This article originally appeared in Local Community News.
San Antonio District 1 City Councilman Roberto Treviño and his remaining challenger, Mario Bravo, participated in a May 19 candidate forum where they wasted no time taking swipes at each other ahead of a June 5 election runoff.
Boisterous supporters for Bravo and Treviño came out in force as both candidates answered questions about issues such as development, incentives for developers, property taxes and appraisals, homelessness and police accountability.
Both contestants were asked about how best to bring about property tax relief. Treviño said part of the key lies in residents getting better educated about the appraisal process, which includes an opportunity to protest one’s appraisal.
Many residents have complained to the city about rising appraisals and tax rates, and about their own challenges to pay their property taxes each year.
Treviño, who chairs the Bexar County Appraisal District board, agreed the appraisal system must be reformed. He also said San Antonio only makes up a portion of a Bexar County resident’s tax bill, with other taxing entities making up the rest.
“Generally, commercial properties pay 60 cents on the dollar compared with residential, so every time commercial values drop, it puts pressure on residential values to go up,” he said.
Bravo blamed Treviño and BCAD for not doing enough to suppress a near-7% increase of residential appraisals during the COVID-19 pandemic. He added many residents, especially vulnerable community members, are getting taxed out of their homes.
“We need to do more. We need to expect more from our local elected officials,” he added.
The two candidates talked about developer incentives, and how much should the city be willing to support such things as tax abatements.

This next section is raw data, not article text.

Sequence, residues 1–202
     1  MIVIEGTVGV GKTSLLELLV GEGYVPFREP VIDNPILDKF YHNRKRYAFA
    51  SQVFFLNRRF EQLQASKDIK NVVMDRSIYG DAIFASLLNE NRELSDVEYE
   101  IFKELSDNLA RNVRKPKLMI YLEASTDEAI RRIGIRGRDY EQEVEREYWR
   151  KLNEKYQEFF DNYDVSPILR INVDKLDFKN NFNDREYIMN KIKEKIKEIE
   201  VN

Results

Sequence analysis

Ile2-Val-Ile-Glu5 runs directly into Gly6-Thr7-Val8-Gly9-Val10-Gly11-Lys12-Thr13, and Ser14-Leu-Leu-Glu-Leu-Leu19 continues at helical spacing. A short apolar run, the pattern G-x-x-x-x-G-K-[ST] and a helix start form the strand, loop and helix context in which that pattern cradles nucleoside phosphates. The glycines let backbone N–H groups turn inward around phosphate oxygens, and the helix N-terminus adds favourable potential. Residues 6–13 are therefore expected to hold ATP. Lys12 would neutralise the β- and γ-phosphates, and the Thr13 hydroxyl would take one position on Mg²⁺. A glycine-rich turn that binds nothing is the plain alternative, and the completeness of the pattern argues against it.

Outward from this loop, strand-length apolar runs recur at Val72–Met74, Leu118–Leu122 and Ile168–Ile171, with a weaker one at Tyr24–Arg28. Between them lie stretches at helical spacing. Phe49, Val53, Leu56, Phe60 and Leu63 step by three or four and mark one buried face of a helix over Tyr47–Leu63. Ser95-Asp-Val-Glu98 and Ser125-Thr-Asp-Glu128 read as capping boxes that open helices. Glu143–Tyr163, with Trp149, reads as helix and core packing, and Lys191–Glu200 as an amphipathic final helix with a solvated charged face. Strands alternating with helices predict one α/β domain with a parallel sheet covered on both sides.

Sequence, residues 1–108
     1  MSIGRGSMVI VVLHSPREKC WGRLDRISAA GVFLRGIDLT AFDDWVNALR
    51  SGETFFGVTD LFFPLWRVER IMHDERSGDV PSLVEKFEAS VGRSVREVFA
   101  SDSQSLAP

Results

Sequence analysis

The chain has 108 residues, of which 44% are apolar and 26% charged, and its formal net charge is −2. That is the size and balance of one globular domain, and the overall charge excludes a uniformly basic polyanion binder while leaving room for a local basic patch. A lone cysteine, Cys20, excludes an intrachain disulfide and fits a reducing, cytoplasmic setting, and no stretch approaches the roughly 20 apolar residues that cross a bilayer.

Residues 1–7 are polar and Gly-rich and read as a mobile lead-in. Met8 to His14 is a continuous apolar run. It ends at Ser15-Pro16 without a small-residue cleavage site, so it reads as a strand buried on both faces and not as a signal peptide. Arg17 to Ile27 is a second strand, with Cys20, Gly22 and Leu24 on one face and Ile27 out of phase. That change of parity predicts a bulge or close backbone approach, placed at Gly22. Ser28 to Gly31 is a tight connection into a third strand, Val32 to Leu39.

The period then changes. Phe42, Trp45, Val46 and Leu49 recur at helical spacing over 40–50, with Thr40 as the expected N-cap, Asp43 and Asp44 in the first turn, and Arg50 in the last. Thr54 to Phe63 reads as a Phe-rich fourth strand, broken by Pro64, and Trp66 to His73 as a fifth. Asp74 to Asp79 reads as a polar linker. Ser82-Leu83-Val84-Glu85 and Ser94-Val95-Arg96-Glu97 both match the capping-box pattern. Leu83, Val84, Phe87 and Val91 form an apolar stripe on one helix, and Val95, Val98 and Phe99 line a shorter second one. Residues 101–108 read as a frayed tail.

Treviño said he backs developments that positively add to a neighborhood and to the city’s main revenue streams.
“It’s all calculated to make sure we’re benefiting in a way that the city can grow, incentivize that growth and continue that momentum,” he added.
Bravo said he felt it irresponsible for any elected official to consider taking off the tax rolls prime pieces of real estate for years in order to approve a development while individual taxpayers struggle with increasing appraisals and tax bills.
“I think we need to scale back,” he added.
Bravo and Treviño tackled homelessness, one of the more hotly contested issues in the District 1 race.
Many residents in the Dellview neighborhood, where the District 1 field office is located, have criticized Treviño and his staff for directly serving large gatherings of unsheltered individuals at the office. Some neighbors say the homeless population in the area has grown.
Some of Treviño’s backers argue that Bravo’s campaign and their supporters have skewed the issue, and taken a more anti-homeless approach.
At the forum, Bravo said he believes homelessness can’t be treated as a crime, and that the city should take a housing-first approach. But he also said the city’s current homelessness action plan feels more piecemeal.
“If we’re going to be compassionate, we need to be more effective,” he added.
Treviño said the city’s current framework of collaboration continues to improve and could boost outreach to the homeless in every council district.